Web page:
The question of how agencies write rules when directed by Congress, or if the Department and agencies make available other types of guidance, seems untethered from the nuts and bolts of building a compliance system or even how the DOJ, SEC and others law enforcement agencies evaluate a system when considering possible liability during an investigation.  Yet Ms. McCusker continued undeterred, stating that the “key is to distinguish between the categories of guidance. . . One category is “what the law requires.”  The other is items such as “the agency’s interpretation of an ambiguity . . . [or] best practices.”  For the former the company will want to ensure compliance.  For the latter the firm must make a “good faith risk calculation – really, a business decision. . .” about whether to comply she told the audience.  Under this approach maybe the firm follows the agency guidance, or not. 

Here Ms. McCusker is not discussing compliance, but rather her view of how statutes and rules should be interpreted and followed.  This is clear from the end of her speech where she states the current use of “paper” by the government causing the need for a “business decision” may change if the “Supreme Court charts a new course with respect to Auer deference in Kisor v. Wilkie this term.  Auer v. Robbins, 519 U.S. 452 (1997) is a unanimous decision of the Court written by Justice Scalia discussing deference to an agency position under select circumstances.  Kisor v. Secretary of Veterans Affairs, No. 18-15 is a case in which the Solicitor General is arguing in favor of a limited form of Auer deference.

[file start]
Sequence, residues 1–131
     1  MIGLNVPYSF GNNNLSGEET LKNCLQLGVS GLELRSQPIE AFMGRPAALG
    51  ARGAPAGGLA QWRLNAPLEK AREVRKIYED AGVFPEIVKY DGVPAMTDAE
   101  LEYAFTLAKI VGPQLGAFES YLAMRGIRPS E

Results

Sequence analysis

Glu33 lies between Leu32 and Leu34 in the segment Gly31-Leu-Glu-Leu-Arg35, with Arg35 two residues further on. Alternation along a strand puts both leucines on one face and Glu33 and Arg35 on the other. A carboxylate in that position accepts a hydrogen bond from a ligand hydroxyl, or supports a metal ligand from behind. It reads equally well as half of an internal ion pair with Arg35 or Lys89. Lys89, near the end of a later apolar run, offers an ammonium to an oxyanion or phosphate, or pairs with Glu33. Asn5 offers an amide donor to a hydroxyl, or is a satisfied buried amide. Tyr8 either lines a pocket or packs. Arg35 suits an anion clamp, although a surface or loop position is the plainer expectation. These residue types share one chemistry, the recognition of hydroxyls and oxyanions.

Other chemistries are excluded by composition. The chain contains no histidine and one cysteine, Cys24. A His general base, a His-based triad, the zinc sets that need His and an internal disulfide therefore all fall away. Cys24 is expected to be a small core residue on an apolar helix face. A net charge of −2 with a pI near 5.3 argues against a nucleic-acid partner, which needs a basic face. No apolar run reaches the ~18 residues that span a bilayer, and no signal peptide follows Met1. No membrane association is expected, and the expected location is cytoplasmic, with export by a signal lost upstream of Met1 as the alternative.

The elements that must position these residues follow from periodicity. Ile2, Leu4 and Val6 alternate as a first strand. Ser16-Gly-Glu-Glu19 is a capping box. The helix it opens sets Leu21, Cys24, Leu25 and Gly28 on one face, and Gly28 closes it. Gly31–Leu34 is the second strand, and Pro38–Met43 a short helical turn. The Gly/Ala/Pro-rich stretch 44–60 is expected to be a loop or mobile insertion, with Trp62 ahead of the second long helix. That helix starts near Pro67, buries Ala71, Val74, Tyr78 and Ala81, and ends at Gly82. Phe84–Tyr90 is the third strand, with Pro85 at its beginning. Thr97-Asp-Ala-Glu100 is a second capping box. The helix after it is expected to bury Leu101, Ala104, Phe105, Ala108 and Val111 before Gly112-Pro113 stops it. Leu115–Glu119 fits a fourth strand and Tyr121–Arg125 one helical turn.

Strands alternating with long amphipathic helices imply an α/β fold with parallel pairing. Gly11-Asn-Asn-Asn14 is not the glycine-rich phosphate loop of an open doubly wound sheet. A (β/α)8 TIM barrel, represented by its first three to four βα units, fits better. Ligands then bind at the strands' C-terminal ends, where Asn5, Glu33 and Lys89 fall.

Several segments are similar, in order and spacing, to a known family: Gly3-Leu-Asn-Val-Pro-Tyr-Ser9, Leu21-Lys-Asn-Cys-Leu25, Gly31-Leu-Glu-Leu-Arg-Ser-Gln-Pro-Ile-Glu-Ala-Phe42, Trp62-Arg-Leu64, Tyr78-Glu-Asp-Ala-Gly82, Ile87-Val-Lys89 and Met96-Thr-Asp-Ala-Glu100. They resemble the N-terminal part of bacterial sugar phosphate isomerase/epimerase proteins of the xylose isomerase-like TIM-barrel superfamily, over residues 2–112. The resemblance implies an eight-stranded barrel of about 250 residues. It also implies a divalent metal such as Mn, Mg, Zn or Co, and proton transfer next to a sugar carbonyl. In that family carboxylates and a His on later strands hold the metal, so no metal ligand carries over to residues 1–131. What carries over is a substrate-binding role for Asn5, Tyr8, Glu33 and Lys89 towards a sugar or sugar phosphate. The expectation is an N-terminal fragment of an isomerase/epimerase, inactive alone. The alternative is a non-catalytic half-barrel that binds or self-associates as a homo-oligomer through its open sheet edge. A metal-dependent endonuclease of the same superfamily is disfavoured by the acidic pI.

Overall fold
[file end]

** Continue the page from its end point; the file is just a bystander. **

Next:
What Ms. McCusker appears to be discussing – or perhaps advocating — is a strict, literal language version of statutory and rule construction which eliminates all deference to agencies and their interpretations that are not the literal text of a statute or rule.  Regardless of one’s position on whether there should be some, little or no deference to the interpretations offered by the Department or by agencies, the Supreme Court has consistently refused to negate all deference as Ms. McCusker admits in her comments on Kisor

In the end, Ms. McCusker’s “business decision” approach is not about compliance and does not reflect existing law as evidenced by the Solicitor General’s brief in Kisor.  Her position does appear to be consistent with comments by the Attorney General denouncing recent court rulings for what he called interfering with administration policy.  See, e.g., William Barr, Attorney General, Remarks to the American Law Institute on Nationwide Injunctions, Washington, D.C. (May 21, 2019) (“ We have seen over time an expansion of judicial willingness to review executive action . . . [and issue] nationwide injunctions . . . [that] have frustrated presidential policy . . .”).  All of this presents a critical question: Is the Department of Justice enforcing the law or trying to rewrite it?